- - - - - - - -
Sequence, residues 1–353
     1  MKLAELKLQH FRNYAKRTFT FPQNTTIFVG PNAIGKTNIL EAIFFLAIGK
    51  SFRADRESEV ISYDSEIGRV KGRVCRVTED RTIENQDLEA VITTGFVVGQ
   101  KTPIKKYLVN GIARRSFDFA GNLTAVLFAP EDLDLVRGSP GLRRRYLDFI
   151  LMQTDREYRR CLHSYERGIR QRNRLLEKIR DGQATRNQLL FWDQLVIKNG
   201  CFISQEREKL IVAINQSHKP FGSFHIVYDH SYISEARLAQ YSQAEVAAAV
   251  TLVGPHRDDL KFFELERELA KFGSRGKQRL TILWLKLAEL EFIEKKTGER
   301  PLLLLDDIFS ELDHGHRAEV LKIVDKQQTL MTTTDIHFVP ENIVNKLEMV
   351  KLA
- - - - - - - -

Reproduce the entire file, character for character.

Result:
Sequence, residues 1–353
     1  MKLAELKLQH FRNYAKRTFT FPQNTTIFVG PNAIGKTNIL EAIFFLAIGK
    51  SFRADRESEV ISYDSEIGRV KGRVCRVTED RTIENQDLEA VITTGFVVGQ
   101  KTPIKKYLVN GIARRSFDFA GNLTAVLFAP EDLDLVRGSP GLRRRYLDFI
   151  LMQTDREYRR CLHSYERGIR QRNRLLEKIR DGQATRNQLL FWDQLVIKNG
   201  CFISQEREKL IVAINQSHKP FGSFHIVYDH SYISEARLAQ YSQAEVAAAV
   251  TLVGPHRDDL KFFELERELA KFGSRGKQRL TILWLKLAEL EFIEKKTGER
   301  PLLLLDDIFS ELDHGHRAEV LKIVDKQQTL MTTTDIHFVP ENIVNKLEMV
   351  KLA